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This is the second part of a six-part series on five factors that make families absolutely amazing. We all want to have families that are strong, healthy, and happy.  And, as we mentioned in the last post, a great thing about these factors is that they apply to all families. No matter how strong or struggling, when these factors are woven into the life of a family, the family continues to become healthier, happier, and stronger. These factors have been named the Strengthening Families Protective Factors (SFPF).

In the last post we outlined the five protective factors:

  • Parental Resilience
  • Social Connections
  • Concrete Support in Times of Need
  • Knowledge of Parenting and Child Development
  • Social and Emotional Competence of Children

If you missed the first post, it can be found by clicking here.

In this post, we look a little more closely at Parental Resilience. We will explore what it is and why it is important, as well as a couple ways to begin building this into our lives.

First, when we say parental resilience, we mean that parents have developed the ability to allow struggles, failure, difficulty, and tragedy to transform them. Resilient parents use these events to bring about something good, to somehow become better rather than bitter.

Because, what we fail to transform, we transmit.

Life has a way of bringing all of us to times that we really enjoy as well as times where we struggle. It’s part of the reason that phrases like, “for better, for worse, for richer, for poorer, in sickness, and in health,” have been a part of marriage vows for a very, very long time.  There are going to be moments in all of our lives when things get difficult. And, if we fail to become resilient we take our struggles out on others, often on the people we love most. When we as parents fail to allow negative events to transform us, we transmit those issues to our children.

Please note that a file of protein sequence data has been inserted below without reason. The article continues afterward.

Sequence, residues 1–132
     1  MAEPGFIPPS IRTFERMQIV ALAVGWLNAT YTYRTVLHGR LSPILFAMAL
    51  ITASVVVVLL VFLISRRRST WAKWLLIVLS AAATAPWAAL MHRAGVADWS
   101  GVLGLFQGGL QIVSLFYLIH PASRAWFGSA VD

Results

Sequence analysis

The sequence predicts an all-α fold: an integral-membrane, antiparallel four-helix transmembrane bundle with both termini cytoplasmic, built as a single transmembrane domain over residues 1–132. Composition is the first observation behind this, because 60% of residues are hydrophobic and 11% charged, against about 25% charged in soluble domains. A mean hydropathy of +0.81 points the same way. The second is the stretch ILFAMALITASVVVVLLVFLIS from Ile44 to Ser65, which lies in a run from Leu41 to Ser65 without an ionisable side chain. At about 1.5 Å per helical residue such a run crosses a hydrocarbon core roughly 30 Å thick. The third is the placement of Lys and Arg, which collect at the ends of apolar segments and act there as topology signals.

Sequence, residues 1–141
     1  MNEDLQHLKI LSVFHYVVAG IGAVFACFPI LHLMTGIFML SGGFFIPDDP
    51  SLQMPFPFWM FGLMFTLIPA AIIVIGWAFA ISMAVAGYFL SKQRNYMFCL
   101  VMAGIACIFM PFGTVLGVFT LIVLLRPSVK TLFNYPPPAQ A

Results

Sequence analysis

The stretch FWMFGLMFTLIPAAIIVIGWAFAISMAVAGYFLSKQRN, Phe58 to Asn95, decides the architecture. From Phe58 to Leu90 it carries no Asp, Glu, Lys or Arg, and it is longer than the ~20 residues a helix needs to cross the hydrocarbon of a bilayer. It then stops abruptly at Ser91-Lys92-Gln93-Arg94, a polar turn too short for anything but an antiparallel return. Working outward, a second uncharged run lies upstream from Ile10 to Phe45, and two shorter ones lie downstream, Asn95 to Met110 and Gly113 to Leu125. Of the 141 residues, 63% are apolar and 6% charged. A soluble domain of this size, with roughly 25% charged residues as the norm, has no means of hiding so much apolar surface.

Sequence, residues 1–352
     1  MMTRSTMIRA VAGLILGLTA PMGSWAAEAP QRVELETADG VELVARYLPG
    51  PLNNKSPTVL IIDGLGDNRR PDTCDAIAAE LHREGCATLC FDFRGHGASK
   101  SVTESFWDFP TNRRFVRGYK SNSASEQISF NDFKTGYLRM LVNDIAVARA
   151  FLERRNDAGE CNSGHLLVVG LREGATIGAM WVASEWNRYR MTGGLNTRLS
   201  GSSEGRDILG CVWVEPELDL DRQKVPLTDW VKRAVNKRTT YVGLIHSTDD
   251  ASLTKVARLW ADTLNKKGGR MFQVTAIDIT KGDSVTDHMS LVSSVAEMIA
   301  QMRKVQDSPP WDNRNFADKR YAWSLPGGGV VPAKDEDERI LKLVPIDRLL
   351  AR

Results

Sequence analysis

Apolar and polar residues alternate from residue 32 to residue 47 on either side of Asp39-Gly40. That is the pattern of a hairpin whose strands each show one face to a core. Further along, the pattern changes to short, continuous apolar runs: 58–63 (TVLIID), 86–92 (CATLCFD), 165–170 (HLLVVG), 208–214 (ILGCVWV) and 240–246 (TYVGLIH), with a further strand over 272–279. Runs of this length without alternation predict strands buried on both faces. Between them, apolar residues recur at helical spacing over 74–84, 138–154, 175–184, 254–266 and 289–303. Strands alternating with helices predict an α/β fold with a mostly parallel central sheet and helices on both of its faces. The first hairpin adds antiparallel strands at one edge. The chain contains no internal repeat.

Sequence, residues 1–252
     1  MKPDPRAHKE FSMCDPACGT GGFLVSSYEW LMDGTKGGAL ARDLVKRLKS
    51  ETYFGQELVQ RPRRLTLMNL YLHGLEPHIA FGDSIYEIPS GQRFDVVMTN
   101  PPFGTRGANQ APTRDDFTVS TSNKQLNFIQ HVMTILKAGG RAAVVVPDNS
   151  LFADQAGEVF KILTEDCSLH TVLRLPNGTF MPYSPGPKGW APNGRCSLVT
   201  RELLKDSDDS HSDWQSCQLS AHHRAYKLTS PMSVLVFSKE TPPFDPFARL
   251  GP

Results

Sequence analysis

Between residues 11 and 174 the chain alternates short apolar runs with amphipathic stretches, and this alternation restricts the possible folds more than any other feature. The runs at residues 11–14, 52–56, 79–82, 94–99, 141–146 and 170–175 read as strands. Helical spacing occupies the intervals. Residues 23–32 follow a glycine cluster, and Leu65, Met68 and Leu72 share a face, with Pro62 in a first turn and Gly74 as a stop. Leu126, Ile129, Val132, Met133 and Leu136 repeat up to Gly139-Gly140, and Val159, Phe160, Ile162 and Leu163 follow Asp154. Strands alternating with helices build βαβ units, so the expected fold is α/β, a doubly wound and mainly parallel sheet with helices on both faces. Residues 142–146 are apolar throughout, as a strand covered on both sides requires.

When we become resilient we make better lives for the people we love most. And, when parents are resilient, it can make all the difference in the world for their children and family. When parents are resilient their children become resilient. They develop better emotional control, have better psychological and even physical health, and they become more successful. They learn how to continue to move forward in the midst of difficulty.

So, how do we build parental resilience?

First, we have to expect there to be difficult times. They may result due to decisions we make or through no fault of our own. If we can keep a realistic perspective we can enjoy the good times even more and be better prepared to bounce back from the difficulties.

Second, we have to continually grow regarding self-care.  We have to learn ways to handle stress and stop the negative messages that play in our heads. The extension service has a great informational worksheet about replacing stress with peace, and I think we could all use a little more peace (especially those of us with kids).

There’s plenty more to say about this topic, if you or your organization would like to hear more, we would be happy to come and do a presentation. Parental resilience is key to a strong, healthy, happy, successful family, and you’ll hear more about it as we explore the other factors.

The pdf from the Extension Service can be found here:

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